Onset Data Loggers Chosen for Landmark Weatherization Study
Onset HOBO® Data Loggers are playing a key role in a landmark national weatherization study to gauge the success of a $5 billion federal assistance program that provides funds for energy efficiency improvements in low-income houses.
Called the National Weatherization Assistance Program Evaluation, the effort marks the first time in two decades the federal government has gathered technical data on energy consumption and other energy efficiency factors in homes treated under the federal weatherization program. The objective is to evaluate the impact of weatherization on household energy usage and characterize other effects of weatherization on indoor air quality.
|An Onset state logger monitors heating system operating cycles.|
Not only will the weatherization study help calibrate federal strategies for low-income homes, but it will also provide insight into best practices for the larger energy efficiency industry.
Managed by Oak Ridge National Laboratory, the study looks at efficiency improvements funded through the Weatherization Assistance Program (WAP). Information is being gathered from homes served by more than 900 local weatherization agencies and hundreds of utilities.
One part of the evaluation is a field study investigating heating energy savings in homes that rely on non-metered fuels (propane and fuel oil).
The Energy Center of Wisconsin, a Madison-based research and education firm, is part of the team chosen to perform the evaluation. The Energy Center has installed several hundred Onset HOBO® data loggers in homes that use bulk fuels, such as propane and oil. This includes state loggers for monitoring heating system run time, temperature-relative humidity loggers to characterize space conditioning, and thermocouple temperature loggers to monitor secondary heating systems.
The study focuses on low-income homes in the Midwest, Northeast and South, where testers hope to determine if homes heated with propane and oil achieve comparable energy savings to those heated by natural gas.
In the fall of 2010, the Energy Center installed HOBO data loggers in selected homes to record heating system operation for 8 to 12 weeks before the houses were weatherized. The Energy Center also will record data over a similar time period after weatherization. A number of control homes, not subject to weatherization, were also included. The data loggers will be retrieved in the spring of 2011 and the data analyzed to establish heating energy savings in the homes.
Data loggers are crucial to the weatherization study because it is difficult to measure heating energy use in homes that use bulk fuels. These homes do not receive monthly utility bills showing consumption patterns as homes do that use metered natural gas. Analyzing fuel deliveries, alone, can create skewed results. For example, one household may fill its oil tank to the top for the winter; another may fill it only partially and then use a wood-burning stove to supplement.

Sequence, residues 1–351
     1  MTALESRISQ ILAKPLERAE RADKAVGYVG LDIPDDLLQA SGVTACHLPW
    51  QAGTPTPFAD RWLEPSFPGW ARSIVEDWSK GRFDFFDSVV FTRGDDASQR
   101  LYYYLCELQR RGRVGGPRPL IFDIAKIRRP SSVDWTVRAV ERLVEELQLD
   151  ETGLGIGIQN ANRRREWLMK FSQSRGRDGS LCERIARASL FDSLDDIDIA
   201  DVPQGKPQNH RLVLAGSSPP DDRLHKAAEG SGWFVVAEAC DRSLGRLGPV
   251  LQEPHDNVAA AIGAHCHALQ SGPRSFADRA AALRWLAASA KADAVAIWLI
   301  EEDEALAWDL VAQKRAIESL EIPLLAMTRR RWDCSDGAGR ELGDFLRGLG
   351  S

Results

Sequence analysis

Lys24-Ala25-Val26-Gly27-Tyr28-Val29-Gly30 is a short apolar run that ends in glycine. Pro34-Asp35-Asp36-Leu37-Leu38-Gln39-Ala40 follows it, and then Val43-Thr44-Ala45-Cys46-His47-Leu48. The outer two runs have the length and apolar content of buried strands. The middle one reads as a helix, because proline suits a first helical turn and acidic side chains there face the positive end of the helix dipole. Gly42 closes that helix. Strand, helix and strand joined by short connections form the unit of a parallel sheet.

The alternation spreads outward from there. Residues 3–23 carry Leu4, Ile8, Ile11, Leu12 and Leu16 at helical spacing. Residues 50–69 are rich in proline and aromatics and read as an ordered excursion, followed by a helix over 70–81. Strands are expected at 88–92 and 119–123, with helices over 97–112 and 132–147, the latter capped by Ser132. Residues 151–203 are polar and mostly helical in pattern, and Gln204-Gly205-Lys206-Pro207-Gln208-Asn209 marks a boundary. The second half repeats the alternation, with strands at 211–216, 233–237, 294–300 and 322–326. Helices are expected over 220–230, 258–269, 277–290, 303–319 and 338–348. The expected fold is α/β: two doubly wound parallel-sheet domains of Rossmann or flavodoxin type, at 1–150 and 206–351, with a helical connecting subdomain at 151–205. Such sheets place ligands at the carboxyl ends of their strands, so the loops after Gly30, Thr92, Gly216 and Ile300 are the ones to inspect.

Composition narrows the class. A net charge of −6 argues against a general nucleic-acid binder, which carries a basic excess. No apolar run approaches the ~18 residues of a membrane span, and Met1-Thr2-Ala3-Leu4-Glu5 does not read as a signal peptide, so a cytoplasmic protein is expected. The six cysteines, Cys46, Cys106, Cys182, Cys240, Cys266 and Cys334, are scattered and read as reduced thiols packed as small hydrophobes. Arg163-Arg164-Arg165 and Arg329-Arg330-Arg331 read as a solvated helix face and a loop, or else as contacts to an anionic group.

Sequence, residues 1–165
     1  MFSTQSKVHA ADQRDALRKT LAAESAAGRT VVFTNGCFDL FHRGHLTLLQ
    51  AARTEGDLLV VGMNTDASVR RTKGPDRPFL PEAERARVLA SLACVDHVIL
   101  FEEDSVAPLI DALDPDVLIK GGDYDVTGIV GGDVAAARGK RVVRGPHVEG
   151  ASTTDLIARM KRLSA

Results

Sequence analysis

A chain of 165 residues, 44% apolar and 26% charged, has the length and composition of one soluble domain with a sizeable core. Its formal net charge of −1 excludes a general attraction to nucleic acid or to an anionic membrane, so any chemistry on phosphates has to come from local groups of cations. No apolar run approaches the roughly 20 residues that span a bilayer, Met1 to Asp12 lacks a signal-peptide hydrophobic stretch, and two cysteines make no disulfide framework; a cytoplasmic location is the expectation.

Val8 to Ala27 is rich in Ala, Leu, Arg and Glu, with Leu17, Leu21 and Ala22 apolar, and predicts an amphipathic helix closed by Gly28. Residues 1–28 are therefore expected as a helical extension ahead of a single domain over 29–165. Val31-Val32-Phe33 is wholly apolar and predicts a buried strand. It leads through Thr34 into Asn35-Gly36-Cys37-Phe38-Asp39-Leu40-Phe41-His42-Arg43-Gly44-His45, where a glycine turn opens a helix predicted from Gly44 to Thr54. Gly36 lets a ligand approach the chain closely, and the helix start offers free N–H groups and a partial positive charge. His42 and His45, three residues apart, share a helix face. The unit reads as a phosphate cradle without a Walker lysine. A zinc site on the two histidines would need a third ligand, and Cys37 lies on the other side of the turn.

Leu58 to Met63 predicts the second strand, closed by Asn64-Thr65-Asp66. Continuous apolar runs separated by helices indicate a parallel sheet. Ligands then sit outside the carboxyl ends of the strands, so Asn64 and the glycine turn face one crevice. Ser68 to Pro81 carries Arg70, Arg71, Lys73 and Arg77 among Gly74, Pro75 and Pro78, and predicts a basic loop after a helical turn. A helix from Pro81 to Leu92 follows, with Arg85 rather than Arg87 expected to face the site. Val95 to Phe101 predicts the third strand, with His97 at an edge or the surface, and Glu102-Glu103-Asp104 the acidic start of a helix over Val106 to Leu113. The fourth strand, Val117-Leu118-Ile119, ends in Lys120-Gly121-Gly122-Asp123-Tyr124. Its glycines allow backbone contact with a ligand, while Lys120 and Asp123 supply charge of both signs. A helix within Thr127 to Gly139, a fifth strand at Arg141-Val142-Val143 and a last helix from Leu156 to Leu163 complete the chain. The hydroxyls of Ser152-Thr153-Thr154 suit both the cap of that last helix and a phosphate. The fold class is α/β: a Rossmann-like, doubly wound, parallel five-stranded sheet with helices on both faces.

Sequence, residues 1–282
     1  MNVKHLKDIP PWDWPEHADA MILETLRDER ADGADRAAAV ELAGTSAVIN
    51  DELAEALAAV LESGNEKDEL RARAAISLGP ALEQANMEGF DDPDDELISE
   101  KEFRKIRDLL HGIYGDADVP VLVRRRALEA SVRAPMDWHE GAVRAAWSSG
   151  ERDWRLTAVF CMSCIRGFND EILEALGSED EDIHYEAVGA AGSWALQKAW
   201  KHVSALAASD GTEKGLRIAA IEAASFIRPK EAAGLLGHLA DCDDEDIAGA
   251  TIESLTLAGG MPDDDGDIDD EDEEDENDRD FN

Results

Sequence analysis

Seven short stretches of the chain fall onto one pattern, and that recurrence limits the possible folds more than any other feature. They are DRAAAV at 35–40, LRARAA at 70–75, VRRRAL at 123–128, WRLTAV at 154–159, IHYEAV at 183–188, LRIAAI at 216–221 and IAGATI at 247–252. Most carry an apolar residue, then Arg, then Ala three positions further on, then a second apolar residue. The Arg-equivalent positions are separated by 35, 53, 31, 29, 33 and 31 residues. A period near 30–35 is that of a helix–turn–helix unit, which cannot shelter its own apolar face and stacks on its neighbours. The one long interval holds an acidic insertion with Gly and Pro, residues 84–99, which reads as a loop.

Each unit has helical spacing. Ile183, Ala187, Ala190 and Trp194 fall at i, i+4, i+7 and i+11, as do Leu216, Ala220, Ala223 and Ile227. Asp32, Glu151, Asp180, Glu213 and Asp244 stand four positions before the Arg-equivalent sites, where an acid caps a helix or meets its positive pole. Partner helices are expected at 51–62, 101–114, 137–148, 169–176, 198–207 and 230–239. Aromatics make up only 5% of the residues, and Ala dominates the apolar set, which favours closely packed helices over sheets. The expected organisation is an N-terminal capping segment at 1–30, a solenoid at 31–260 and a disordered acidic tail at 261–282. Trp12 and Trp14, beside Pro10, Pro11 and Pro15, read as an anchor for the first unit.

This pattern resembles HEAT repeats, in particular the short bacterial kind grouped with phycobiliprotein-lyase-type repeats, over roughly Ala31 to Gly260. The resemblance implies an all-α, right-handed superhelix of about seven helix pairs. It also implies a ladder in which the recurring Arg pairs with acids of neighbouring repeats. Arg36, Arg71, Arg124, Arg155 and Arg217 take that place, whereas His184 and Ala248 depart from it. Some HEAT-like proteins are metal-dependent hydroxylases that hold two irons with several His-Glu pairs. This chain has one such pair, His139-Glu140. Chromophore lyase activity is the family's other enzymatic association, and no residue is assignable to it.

In going into the homes, the Energy Center's main objective is to determine heating system run-time. Researchers installed data loggers with current sensors on primary heating systems, and temperature data loggers on any space heaters or wood stoves that are used often. In addition, they placed temperature and relative humidity loggers at central thermostats.
The Energy Center is also using HOBO U9-001 State Loggers to record each operating cycle of the primary heating system in each home.
"We're interested in knowing when fuel is being consumed, which is not the same as monitoring heating calls or fan operation," said Dan Cautley, Energy Center senior project manager. "To get burner on-time, we're watching the power wire to the gas valve in propane systems, and in oil systems we are monitoring either the oil solenoid valve power, or when there is no solenoid valve, the burner power. In each case, we install a current switch on the appropriate wire, and connect this switch to the state logger with the usual stereo jack cable." The state logger records the actual time to one-second resolution when the current switch closes and opens, providing a time-stamped record of fuel consumption.
"To be sure the current switch would be triggered with a single pass of the power wire, we asked Onset to price out a more sensitive current switch (Veris H300) than the items usually stocked," he added. "The H300 triggers at 0.15 A, and has a clip-on split core, so it can be installed without disconnecting any wiring, a must for our project."
In addition to state loggers, the Energy Center installed a HOBO U10-003 temperature/RH logger at the main thermostat in each home. This gives information on the actual space temperature setting over the study period, which can be used to improve the variable-base degree day analysis used in the study.
"We try to filter out homes that have significant supplemental heating sources such as wood stoves or free-standing space heaters, but it's not possible to do so completely," Cautley said. "Since supplemental heaters may not have electric valves or burners, we couldn't rely on state loggers to monitor them. Instead, we decided that periodic readings on a temperature logger would give us a snapshot of how much the supplemental system operates on average. Along with an estimate of its input, we can at least roughly account for its contribution to the heating load."
APPRISE, a Princeton, NJ-based research institute, is serving as the lead contractor for the weatherization evaluation, with partners ECW, Blasnik & Associates, and Dalhoff Associates.